Desk lamps in homes are generally 2700K–3000K. Those used in offices are 3000K-3500K. However, some prefer a task lamp slightly cooler – around 3200K for detail work.
The amount of light that radiates from the point of a light source cast out in a triangular fashion illuminating the surrounding space. S=(2)(d)tan(1/2*A)
Foot Candles (FC)
A measurement of intensity of light falling on a surface, equaling one lumen per square foot.
Illumination in from a variety of sources, creating the right mood and composition of a space. At a minimum, three “layers” of light are needed to maximize both the livability and the beautification of a space. The layers are defined as 1. Ambient, 2. Task and 3. Accent.
Kelvin or K
The measurement of color temperature.
Aged iron and rich-patina metals hallmarks of the look.
Familiar lighting reimagined in trending finishes. Mercury art glass and modern brass are two design features with this type of lighting.
Sleek and warm elements create layers of visual interest. Bold forms and shapes with this type of lighting help offset the soft hues and patterns.
Reflecting a well-traveled lifestyle. Look for tribal and folklore inspired pieces, often handcrafted for their rich detail.
A contemporary take on French style. Soft and comfortable with crystal accents.
We’ve already talked about the versatility of a good lamp. It can go almost anywhere you want, anytime you want. Well, shades add flexibility to that versatility. A shade can be swapped out to fit your décor. It can help change the mood of a room.
Shades are used to cover the lightbulb and diffuse the light it emits. But they’re so much more important than that. Lamp shades also add character and personality, and can complete your design, creating a cohesive and beautiful space.
From hardback to softback shades, no matter the size there are some general rules to keep in mind. For instance, the base and the shade should be of similar contour. If the base is curved, you should probably go with a curved shade. With a straight base, go with a shade with straight edges.
Proportionally, the shade should be 2-3 inches shorter than the base. You only want about a half inch of the neck to show. Calculate the shade length as 65- 80 percent of the base length. So if the base length is 16 inches, the shade should be 10-14 inches. That gives you a fixture of 24 inches tall.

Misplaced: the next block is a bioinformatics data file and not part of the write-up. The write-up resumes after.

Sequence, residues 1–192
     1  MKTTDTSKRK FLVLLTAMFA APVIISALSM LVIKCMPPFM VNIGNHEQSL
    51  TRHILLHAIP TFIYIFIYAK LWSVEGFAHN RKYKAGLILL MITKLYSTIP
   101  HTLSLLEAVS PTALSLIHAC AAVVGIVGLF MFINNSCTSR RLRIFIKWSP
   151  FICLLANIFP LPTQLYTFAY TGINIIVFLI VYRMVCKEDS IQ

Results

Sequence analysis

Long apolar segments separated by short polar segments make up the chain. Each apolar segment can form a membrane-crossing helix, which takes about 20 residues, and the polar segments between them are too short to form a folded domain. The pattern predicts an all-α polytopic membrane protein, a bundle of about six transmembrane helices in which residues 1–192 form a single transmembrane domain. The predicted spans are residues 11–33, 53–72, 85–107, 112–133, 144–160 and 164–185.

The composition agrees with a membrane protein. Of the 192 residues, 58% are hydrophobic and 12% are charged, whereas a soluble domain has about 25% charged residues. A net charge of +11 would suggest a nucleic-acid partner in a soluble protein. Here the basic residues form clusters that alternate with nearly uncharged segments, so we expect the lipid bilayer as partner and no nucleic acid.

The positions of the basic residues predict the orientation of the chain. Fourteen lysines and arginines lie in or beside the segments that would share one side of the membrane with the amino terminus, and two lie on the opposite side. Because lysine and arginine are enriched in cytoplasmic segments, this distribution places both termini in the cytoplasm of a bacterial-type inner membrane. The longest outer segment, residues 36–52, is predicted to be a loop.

Also, if the shade is very ornate or decorative, go with a plain shade. If your base is fairly plain, you have more room to add a shade with more panache.
Keep in mind that the darker the color of the shade, the less light will show through. If you have a thicker material, it will affect light output. Here is a rule of thumb for shade brightness: For general illumination for your rooms that have rich, darker colors, the shade should indicate no more than 50 footcandles on the meter. For the same application only with lighter colored walls, the shade should indicate no more than 150 footcandles. If the intent of the light is for specific tasks, the shade should indicate between 250 and 400 footcandles.
Proper maintenance can help make your lamp more efficient, saving you more money in the long run. Light levels decrease because the lamp ages or even because it’s dirty.
Here are some simple ways to make sure you’re getting the most out of your lighting.
- Wipe off the dust every 6–12 months. Don’t clean an incandescent bulb while it’s turned on. Also, cool water can shatter the hot bulb.
- Replace your bulbs at the same time. Bulbs such as incandescent and fluorescents will lose 20–30% of light output over their lifetime. If you replace all bulbs in a system, you’ll save yourself time, saves labor, keeps illumination high, and avoids stressing any ballasts (devices that control electric currents) with deteriorating lamps.
- Dispose of properly. Check with your local government office or trash company to be see what your area recommends.